Wednesday, October 20, 2004


Last week, under a mandate from Congress, the Institute of Medicine initiated a report to battle childhood obesity in America. The report was sweeping in scope, calling on government at all levels to muster resources, and to take decisive action. It called for massive federal intervention in public education, federal nutrition requirements in school lunches, heavy regulation of soda and snack machines, and for Federal Trade Commission authority over the marketing of food to children. The report also called on local governments to change zoning laws to favor pedestrians and bicyclists over automobiles. "We're talking about something that's nothing less than a revolution," Dr. Thomas Robinson, one of the authors, told the Boston Globe. "It has to involve so many elements in our society. ... It's really going to require a major sea change in how we look at this problem."

This childhood obesity scare, however, is just part of an alleged obesity epidemic among the adult population. But, just how severe is America's obesity problem? Do we really have a developing public health disaster on our hands? The data suggest not. According to Rockefeller University professor Jeffrey Friedman, as quoted in The New York Times, Americans have been getting modestly chubbier since the early 1980s. Friedman also told the Times that most of us are carrying an extra 4-6 pounds - not much to worry about - while the very obese among us have gotten very much more obese. The result is a significant increase in the population's average weight, but an increase that's mostly caused by those very heavy people, not by the vast majority of the population, as media reports and nutrition activists would have you believe.

Indeed, if the whole of America has, over the past two decades, been getting as fat as alarmist headlines have suggested, we should be starting to see the early signals of this coming public health crisis. That's just not the case. According to the National Center for Health Statistics, Americans are living longer than ever before. A child born today into almost any demographic group can expect to live more years than at any other time in American history....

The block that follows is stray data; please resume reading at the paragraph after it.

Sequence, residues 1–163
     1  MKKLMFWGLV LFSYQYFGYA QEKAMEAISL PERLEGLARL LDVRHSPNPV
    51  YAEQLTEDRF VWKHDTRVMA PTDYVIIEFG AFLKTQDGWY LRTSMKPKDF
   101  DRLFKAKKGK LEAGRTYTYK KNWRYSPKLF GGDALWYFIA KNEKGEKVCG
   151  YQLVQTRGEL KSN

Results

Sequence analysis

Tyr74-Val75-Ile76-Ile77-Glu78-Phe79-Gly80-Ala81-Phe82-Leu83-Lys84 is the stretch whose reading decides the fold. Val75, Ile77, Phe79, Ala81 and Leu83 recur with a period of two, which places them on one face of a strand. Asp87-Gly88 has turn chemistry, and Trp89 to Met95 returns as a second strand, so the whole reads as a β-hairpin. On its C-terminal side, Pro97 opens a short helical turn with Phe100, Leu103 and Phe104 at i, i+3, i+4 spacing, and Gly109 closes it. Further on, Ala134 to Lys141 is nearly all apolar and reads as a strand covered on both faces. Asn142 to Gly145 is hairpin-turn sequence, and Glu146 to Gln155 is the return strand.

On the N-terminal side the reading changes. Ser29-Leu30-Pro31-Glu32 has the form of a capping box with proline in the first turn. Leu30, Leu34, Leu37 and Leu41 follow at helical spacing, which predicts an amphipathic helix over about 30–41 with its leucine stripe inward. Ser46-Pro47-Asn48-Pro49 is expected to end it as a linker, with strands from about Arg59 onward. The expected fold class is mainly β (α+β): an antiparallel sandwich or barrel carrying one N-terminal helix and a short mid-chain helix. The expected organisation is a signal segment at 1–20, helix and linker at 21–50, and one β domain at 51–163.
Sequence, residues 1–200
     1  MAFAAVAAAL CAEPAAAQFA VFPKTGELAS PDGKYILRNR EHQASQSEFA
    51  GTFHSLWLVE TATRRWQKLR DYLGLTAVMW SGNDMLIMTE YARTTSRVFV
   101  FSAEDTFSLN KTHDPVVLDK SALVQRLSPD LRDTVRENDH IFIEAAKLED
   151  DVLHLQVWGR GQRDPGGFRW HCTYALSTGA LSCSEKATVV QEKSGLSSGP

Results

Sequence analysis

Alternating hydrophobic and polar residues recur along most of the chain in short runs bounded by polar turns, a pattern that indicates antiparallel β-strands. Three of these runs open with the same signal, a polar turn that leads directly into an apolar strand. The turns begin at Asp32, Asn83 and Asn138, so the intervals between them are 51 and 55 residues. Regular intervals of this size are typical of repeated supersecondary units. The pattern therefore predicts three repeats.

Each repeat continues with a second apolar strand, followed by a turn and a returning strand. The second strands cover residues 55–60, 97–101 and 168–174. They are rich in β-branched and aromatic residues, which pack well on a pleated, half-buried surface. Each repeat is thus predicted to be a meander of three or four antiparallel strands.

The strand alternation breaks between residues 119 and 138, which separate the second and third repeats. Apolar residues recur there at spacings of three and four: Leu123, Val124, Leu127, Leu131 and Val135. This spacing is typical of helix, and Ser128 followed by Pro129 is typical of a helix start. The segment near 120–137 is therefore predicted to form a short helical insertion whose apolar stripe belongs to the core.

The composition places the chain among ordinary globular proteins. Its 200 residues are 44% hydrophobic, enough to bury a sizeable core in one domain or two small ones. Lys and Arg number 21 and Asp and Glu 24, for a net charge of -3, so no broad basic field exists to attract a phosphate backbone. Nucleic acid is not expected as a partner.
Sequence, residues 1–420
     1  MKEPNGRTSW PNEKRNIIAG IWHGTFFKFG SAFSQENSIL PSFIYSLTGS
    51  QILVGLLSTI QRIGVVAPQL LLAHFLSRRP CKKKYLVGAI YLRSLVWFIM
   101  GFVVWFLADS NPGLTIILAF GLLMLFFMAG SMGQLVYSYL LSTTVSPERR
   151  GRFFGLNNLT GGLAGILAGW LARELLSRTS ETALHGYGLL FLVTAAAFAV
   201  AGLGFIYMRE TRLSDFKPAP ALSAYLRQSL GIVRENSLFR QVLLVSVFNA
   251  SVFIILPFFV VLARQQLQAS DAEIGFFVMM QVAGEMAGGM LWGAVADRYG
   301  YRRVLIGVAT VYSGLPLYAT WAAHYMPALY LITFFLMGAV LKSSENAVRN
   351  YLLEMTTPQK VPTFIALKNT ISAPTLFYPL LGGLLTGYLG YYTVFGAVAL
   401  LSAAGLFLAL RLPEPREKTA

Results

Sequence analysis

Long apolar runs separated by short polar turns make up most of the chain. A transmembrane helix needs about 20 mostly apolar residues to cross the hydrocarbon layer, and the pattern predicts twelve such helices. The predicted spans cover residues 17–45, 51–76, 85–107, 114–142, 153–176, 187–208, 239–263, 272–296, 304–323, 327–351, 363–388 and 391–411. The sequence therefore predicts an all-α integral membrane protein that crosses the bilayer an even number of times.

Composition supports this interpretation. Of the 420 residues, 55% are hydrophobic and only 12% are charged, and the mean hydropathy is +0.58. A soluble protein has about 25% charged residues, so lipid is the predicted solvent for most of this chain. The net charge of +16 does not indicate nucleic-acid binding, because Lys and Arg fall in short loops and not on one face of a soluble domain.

An increase in Type II diabetes cases among children is the principal battle cry among those advocating heavy government intervention. The CDC reports that about 7.2 children per 100,000 are now diagnosed with the disease. However, the number of children with eating disorders such as anorexia and bulimia is estimated by the National Mental Health Association to be around 2,500 per 100,000. When kids are 347 times more likely to have an illness associated with poor body image than they are an illness associated with obesity, asking our public schools to have growing kids step on the scale - as the Institute of Medicine report recommends - doesn't seem like such a great idea.

Even if the tenuous connections between obesity and illness were as firm as the anti-fat warriors would have us believe, there's still reason for caution when calling for government intervention. Any far-reaching government program is likely to be costly, and just as likely to restrict personal choice and undermine personal responsibility. Most government programs also come with the hidden costs of unintended consequences, such as incubating eating disorders among young girls by asking them to weigh themselves in front of their peers. There's also no guarantee that any of these programs will be effective.

The best thing Congress can do in the fight against obesity is understand that there are some spheres of life that simply aren't within the purview of government. How and when and how much we eat - and how we raise our kids with respect to diet, food and exercise - ought to be one of those spheres.

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